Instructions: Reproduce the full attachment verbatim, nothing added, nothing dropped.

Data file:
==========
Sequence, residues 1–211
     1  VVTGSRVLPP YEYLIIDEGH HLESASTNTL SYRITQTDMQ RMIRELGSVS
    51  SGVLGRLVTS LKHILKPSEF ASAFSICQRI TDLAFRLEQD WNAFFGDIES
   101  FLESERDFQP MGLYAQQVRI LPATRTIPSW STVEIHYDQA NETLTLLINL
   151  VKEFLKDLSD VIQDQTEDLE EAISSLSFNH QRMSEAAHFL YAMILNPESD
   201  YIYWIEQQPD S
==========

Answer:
Sequence, residues 1–211
     1  VVTGSRVLPP YEYLIIDEGH HLESASTNTL SYRITQTDMQ RMIRELGSVS
    51  SGVLGRLVTS LKHILKPSEF ASAFSICQRI TDLAFRLEQD WNAFFGDIES
   101  FLESERDFQP MGLYAQQVRI LPATRTIPSW STVEIHYDQA NETLTLLINL
   151  VKEFLKDLSD VIQDQTEDLE EAISSLSFNH QRMSEAAHFL YAMILNPESD
   201  YIYWIEQQPD S